Nobody wants to die but want to go to heaven.
Death is inevitable. But death─ sudden or expected─ always brings sorrow and grief to the ones who are left behind. However, life still marches on. It is hard, but we must remember that as humans we have an immense ability to cope with anything that life brings. Although we all have different levels of coping abilities, there are several basic and universal steps to dealing with grief and finding hope again…
Allow The Feelings To Flow: Losing someone you love will conjure all unimaginable emotions within you, sorrow, regret, guilt, pain, grief, heartbreaks, misery, anger, sadness and many more. Feeling these emotions all at once can be extremely difficult. It is quite normal, so let them flow. You do not need to suppress them. Cry all you want. With time and allowing grief to be released, it will become less painful. It is an important process that will help you in dealing with grief and accepting your loss.
Talk About It When You Can: Talking about the death of your loved ones can be a way of remembering them and can help you understand what happened. It will give you the opportunity to start the healing process. Denying the death of a loved one can result in isolation and you pushing away your family and friends.
Find A Support System: Coping with a loved one’s death is never easy; especially if you are dealing with it alone. You need support coming from your family and friends so that you can find comfort and overcome grief faster. Moreover, while your family and friends can be your greatest source of support for overcoming the death of someone, but it is also advisable that you take advice from professional people when you find all the emotions and pain too hard to handle. Psychologists give professional advice and develop strategies according to your needs to get you through the grieving process.
Understand The Grieving Process: Dealing with grief and bereavement is a process. It is quite important to allow yourself to experience every stage of the grieving process for you to completely heal. Elisabeth Kubler-Ross outlined the five stages of grief in her book titled “On Death and Dying.” These stages are not necessarily experienced in order and some stages can be revisited. These five stages are:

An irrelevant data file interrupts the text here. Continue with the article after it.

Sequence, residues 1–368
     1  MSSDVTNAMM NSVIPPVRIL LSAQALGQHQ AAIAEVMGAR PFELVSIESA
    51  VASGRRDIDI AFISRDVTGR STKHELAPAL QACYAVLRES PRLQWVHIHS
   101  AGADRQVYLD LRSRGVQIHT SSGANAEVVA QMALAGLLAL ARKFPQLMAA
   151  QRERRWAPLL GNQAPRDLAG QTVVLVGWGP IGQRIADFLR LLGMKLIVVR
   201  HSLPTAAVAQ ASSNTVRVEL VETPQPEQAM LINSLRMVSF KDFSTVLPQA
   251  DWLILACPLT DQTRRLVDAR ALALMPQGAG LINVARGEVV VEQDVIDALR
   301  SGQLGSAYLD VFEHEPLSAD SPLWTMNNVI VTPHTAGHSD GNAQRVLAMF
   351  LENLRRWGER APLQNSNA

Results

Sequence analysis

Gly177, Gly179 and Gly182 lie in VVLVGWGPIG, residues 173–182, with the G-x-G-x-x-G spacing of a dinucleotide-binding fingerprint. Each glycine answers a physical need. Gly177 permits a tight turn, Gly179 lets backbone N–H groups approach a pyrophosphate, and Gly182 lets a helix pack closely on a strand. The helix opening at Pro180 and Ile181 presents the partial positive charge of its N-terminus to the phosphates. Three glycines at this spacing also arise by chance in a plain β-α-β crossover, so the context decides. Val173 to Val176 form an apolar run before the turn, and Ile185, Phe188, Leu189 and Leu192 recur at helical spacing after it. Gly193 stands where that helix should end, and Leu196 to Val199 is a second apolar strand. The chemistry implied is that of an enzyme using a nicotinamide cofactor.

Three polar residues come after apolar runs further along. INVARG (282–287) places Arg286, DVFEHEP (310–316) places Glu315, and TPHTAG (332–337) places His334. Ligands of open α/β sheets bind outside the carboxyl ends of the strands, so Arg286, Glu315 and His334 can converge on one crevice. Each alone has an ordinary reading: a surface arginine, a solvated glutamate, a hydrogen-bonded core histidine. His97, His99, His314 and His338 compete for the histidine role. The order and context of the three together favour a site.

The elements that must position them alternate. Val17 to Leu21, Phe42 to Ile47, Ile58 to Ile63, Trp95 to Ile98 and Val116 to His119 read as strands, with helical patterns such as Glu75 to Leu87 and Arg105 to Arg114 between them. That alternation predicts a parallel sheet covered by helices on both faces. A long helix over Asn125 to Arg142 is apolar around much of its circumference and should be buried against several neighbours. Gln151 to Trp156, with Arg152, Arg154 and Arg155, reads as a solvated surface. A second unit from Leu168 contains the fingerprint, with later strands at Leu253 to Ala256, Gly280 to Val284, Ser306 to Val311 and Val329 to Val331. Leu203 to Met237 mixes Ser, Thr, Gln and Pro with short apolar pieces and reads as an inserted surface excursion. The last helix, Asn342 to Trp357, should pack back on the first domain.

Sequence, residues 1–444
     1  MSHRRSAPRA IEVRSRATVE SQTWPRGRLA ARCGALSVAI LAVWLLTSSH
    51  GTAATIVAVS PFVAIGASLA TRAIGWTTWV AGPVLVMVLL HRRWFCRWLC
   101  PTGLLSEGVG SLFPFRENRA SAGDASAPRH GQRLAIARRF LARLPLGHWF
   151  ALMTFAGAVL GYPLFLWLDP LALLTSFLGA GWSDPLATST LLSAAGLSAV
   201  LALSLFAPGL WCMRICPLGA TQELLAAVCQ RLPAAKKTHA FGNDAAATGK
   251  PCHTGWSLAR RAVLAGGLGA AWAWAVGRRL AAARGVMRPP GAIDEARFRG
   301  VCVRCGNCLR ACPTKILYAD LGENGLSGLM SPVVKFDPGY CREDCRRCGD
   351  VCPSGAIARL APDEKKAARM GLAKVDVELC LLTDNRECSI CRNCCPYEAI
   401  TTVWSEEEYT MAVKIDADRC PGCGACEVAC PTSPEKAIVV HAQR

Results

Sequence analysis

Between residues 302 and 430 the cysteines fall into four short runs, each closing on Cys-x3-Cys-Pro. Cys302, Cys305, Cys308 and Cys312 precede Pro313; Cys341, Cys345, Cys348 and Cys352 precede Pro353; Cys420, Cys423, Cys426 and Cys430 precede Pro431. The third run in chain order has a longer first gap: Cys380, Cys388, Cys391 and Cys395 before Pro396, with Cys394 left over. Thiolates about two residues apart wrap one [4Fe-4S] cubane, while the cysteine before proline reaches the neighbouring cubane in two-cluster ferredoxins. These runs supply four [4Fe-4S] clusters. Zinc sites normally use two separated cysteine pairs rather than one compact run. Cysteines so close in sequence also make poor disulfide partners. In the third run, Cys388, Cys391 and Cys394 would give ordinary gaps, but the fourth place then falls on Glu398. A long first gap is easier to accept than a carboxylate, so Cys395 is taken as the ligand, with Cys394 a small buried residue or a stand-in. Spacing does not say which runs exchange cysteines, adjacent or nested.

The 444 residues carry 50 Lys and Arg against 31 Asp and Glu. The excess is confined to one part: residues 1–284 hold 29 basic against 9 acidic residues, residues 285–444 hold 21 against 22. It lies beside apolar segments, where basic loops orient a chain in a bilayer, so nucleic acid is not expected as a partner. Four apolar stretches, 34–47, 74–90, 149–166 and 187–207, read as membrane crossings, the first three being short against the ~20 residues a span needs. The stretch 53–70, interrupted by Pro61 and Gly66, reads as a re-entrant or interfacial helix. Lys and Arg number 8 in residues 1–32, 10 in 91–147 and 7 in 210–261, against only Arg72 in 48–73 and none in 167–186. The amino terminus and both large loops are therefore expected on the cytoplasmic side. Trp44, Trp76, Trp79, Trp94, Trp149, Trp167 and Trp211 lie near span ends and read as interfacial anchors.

- Denial: Dealing with death can be overwhelming. It is an incomprehensible experience and you can find it hard to believe that your loved one is gone. You continue to deny that it is not happening and there is no way that your loved one left you.
- Anger: As you realize the reality of your situation you begin to feel angry. Your anger or fury might be directed to your loved one for leaving you, to the doctors for not doing their job and healing your loved one, to God who took your loved one or even to yourself for maybe not being a better person to your loved one. All of this is quite normal and will pass.
- Bargaining: It is quite common for an individual to start bargaining or negotiating with a higher power, like God. Do not be surprised or think that you are crazy when you start making deals with God like: “I will be better, just please give him back to me.”
- Depression: The sorrow and overwhelming sadness you feel after the death of a loved one is normal. It is common to feel that your life will never be the same again. This feeling does not last forever and will pass with time.
- Acceptance: This stage does not necessarily mean that you accept or come to terms that your loved one is already dead. It does not mean that if you are already at this stage, you will not revisit the other stages above. But rather, it means that the pain and grief of losing someone you love will reduce and become more manageable.
Celebrate Life: You need to mourn the death of your loved ones, but there comes a time when you need to turn from the mourning toward a new stage, of celebrating life again. Understanding that death is inevitable and that we will all die someday will give you an opportunity to live your life to the fullest. Remember that your life does not stop when someone you love passes away. Ask yourself this: “Would he or she be happy seeing me like this forever because they passed?” Cry as much as you need to, but know that your family and friends are still there for you, ready to walk forward and to live life fully with you now. Celebrate the fact that you are living.
Preserve Precious Memories: Someone so special to you might be gone but their memories stay. Keep all photographs, things he or she gave you, or create a memorial like planting a tree to remember your loved one. This will help you keep all the memories you shared together and overcome your loss.
Final Thoughts: It always feels so unfair when someone you love passes away, but that does not mean you have to stop living. God created us, human beings, to be strong and to survive anything. So, grieve as much as you need to, and remember you will be able to stand up and smile again. After all, your loved ones may not have stayed with you, but the memories you have with them will forever stay in your heart.
I can testify to each and every point stated here. I don’t know about you but if you have anyone facing the difficulty of not passing through grief and lack hope. Please share this with them.
Have a blessed day!!!
By: Brian Zeng